The Benefits of Achieving Stable Disease in Advanced Lung Cancer

July 1, 2003

Dr. Kelly has written an excellentarticle demonstrating theclinical significance of achievingstable disease in advanced non–small-cell lung cancer (NSCLC)patients. This hypothesis is supportedby clinical data from two phase IItrials (Iressa Dose Evaluation in AdvancedLung Cancer [IDEAL-1 andIDEAL-2]) of the epidermal growthfactorreceptor (EGFR) inhibitor gefitinib(ZD1839, Iressa) in previouslytreated patients. She appropriatelypoints out that although tumor shrinkageis a conventionally used end pointfor cytotoxic drugs, it may not be appropriatefor the “novel” cytostaticagents. For these agents, stabilizationof disease without obvious tumorshrinkage may result in a clinicalbenefit.

Dr. Kelly has written an excellentarticle demonstrating theclinical significance of achievingstable disease in advanced non-small-cell lung cancer (NSCLC)patients. This hypothesis is supportedby clinical data from two phase IItrials (Iressa Dose Evaluation in AdvancedLung Cancer [IDEAL-1 andIDEAL-2]) of the epidermal growthfactorreceptor (EGFR) inhibitor gefitinib(ZD1839, Iressa) in previouslytreated patients. She appropriatelypoints out that although tumor shrinkageis a conventionally used end pointfor cytotoxic drugs, it may not be appropriatefor the "novel" cytostaticagents. For these agents, stabilizationof disease without obvious tumorshrinkage may result in a clinicalbenefit.Stable Disease andCytotoxic Agents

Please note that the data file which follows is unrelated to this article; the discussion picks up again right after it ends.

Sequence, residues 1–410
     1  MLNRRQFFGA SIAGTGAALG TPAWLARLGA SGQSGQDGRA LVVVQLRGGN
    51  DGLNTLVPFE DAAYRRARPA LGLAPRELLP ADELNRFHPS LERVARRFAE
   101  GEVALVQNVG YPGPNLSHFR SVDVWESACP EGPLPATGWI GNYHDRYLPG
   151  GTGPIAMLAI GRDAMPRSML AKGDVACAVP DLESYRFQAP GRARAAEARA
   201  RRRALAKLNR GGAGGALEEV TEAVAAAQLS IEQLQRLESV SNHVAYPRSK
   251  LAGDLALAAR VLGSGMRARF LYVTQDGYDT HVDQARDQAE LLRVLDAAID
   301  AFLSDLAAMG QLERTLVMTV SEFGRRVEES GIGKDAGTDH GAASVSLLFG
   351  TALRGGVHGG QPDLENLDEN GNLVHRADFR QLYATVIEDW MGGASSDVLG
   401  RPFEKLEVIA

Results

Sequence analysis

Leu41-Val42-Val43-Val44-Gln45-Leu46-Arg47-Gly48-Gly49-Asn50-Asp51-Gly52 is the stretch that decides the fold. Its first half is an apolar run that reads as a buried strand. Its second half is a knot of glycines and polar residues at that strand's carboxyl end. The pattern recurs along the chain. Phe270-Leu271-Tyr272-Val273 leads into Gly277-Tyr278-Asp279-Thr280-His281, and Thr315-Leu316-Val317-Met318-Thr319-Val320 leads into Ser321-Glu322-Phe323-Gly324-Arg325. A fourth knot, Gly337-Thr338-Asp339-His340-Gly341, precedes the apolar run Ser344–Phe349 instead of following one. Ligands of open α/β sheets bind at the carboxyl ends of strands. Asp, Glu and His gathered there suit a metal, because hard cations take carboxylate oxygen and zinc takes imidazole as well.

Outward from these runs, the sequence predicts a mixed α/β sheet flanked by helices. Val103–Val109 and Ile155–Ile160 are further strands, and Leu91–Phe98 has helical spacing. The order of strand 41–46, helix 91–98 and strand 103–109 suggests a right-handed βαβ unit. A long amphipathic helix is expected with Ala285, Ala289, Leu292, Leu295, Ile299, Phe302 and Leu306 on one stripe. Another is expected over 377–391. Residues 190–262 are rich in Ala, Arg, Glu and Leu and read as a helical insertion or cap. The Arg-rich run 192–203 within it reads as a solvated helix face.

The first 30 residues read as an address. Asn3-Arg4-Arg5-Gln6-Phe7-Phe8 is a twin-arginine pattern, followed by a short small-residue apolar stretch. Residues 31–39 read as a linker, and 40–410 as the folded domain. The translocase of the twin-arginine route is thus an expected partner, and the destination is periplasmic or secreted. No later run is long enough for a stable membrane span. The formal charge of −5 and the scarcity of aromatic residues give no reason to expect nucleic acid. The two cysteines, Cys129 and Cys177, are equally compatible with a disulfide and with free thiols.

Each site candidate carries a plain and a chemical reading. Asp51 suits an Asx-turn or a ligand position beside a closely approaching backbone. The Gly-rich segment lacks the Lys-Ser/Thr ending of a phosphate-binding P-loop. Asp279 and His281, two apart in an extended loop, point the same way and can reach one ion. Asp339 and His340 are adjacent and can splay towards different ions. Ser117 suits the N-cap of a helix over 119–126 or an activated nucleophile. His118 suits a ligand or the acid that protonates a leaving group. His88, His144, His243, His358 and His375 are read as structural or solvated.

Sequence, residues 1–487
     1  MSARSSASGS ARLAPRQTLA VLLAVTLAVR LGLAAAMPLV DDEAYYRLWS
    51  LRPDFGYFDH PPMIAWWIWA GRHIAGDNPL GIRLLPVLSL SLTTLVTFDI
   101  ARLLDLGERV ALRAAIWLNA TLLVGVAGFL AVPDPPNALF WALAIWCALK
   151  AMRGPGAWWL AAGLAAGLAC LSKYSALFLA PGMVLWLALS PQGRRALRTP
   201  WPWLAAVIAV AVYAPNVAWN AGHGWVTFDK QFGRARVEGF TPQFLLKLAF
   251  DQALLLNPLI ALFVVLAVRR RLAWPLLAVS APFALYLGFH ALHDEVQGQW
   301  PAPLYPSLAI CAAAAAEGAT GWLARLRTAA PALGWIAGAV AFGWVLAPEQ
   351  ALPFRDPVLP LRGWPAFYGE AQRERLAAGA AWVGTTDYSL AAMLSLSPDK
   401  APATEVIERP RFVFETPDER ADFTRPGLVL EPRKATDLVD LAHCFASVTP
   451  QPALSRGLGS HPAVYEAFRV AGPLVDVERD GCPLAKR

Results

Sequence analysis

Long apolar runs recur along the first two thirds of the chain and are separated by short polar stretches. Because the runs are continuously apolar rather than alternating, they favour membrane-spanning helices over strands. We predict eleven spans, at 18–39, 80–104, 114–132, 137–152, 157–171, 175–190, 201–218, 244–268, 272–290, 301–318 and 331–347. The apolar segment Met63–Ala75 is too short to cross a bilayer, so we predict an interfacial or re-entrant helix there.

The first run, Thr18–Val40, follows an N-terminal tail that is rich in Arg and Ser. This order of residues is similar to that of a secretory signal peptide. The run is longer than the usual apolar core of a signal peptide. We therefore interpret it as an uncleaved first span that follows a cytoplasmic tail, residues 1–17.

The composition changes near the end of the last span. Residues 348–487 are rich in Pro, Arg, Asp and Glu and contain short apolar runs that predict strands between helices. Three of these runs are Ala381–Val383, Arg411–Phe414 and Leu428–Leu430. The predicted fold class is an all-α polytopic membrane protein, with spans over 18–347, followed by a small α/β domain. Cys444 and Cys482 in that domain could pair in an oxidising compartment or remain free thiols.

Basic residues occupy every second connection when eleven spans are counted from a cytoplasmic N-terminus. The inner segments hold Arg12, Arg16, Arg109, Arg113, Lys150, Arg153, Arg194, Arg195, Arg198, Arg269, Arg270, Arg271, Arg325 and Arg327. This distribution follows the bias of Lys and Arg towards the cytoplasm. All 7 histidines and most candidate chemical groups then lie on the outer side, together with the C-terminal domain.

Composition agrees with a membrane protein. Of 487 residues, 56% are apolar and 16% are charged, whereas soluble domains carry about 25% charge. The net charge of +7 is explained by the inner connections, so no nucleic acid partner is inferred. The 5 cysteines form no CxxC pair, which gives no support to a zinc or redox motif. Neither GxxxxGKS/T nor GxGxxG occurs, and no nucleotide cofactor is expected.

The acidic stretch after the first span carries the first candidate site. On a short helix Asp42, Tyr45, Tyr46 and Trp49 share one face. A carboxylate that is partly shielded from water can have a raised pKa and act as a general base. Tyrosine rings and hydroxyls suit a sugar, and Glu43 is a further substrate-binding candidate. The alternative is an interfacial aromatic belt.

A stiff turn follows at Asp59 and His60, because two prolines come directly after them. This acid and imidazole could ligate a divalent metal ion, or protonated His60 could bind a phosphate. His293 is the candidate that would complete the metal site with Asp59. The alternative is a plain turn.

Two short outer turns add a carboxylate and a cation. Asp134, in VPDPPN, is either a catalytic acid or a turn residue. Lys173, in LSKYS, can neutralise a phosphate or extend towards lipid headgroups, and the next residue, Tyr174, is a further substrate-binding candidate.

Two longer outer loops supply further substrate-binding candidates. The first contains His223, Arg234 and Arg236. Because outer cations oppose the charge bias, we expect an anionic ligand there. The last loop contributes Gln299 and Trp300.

Cytotoxic chemotherapy is still thestandard treatment for chemonaivepatients with advanced NSCLC, resultingin a response rate of 19% to26% and median and 1-year survivalrates of 8 months and 33% to 37%,respectively.[1,2] As seen in Table 1,a significant numbers of patients (asmany as 29% of all previously untreatedpatients) achieved so-calledstable disease after receiving first-linedoublet chemotherapy. Although stabledisease is almost always reported,it has not been considered a clinicalend point of interest. In fact, by currentdefinition, patients with stabledisease are those who neither respondnor have disease progression.In the docetaxel (Taxotere) armsof two randomized phase III trials,previously treated patients whoachieved stable disease outnumberedresponders by a ratio of 5:1 or 7:1(Table 1).[3,4] Despite the low responserate of roughly 7%, patientslived longer and had improved qualityof life. Presumably, those benefitswere not seen only in the small percentageof patients who achieved aresponse, but also in those whoachieved stable disease.Stable Disease andCytostatic Agents
Anti-EGFR agents have been investigatedextensively in the treatmentof lung cancer. Of all molecularly targetedagents, gefitinib, an EGFRtyrosinekinase inhibitor is the firstand so far the only one approved bythe Food and Drug Administration foruse in NSCLC patients who havefailed two prior chemotherapyregimens.In two phase II trials (Table 2), 10%to 19% of previously treated patientsresponded to gefitinib, for an overallmedian survival of 6 to 7.8 months.[5,6]In addition, a significant number ofpatients (29%-34%) achieved stabledisease. As pointed out by Dr. Kelly,the investigators found that 40% to80% of patients who experiencedstable disease enjoyed an improvementin symptoms, and 30% to 60%had improvement in quality of life,whereas only a small percentageof patients with disease progressiondid so.

Should Stable Disease Be aClinical End Point in Trials?